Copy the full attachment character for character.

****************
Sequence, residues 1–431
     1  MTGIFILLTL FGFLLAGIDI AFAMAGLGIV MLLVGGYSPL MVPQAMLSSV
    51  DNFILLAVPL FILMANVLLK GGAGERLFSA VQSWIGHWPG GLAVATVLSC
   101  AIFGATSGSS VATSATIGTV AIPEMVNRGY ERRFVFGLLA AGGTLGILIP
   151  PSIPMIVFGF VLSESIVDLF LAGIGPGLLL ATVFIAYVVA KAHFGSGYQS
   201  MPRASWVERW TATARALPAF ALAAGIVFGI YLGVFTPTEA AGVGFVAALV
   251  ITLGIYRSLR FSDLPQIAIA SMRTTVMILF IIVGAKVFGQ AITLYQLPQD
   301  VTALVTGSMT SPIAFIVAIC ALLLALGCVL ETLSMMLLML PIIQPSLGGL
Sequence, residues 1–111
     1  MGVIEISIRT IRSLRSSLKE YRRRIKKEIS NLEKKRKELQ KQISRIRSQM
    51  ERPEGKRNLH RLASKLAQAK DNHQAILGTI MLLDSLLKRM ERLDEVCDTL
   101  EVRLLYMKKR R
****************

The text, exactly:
Sequence, residues 1–431
     1  MTGIFILLTL FGFLLAGIDI AFAMAGLGIV MLLVGGYSPL MVPQAMLSSV
    51  DNFILLAVPL FILMANVLLK GGAGERLFSA VQSWIGHWPG GLAVATVLSC
   101  AIFGATSGSS VATSATIGTV AIPEMVNRGY ERRFVFGLLA AGGTLGILIP
   151  PSIPMIVFGF VLSESIVDLF LAGIGPGLLL ATVFIAYVVA KAHFGSGYQS
   201  MPRASWVERW TATARALPAF ALAAGIVFGI YLGVFTPTEA AGVGFVAALV
   251  ITLGIYRSLR FSDLPQIAIA SMRTTVMILF IIVGAKVFGQ AITLYQLPQD
   301  VTALVTGSMT SPIAFIVAIC ALLLALGCVL ETLSMMLLML PIIQPSLGGL
Sequence, residues 1–111
     1  MGVIEISIRT IRSLRSSLKE YRRRIKKEIS NLEKKRKELQ KQISRIRSQM
    51  ERPEGKRNLH RLASKLAQAK DNHQAILGTI MLLDSLLKRM ERLDEVCDTL
   101  EVRLLYMKKR R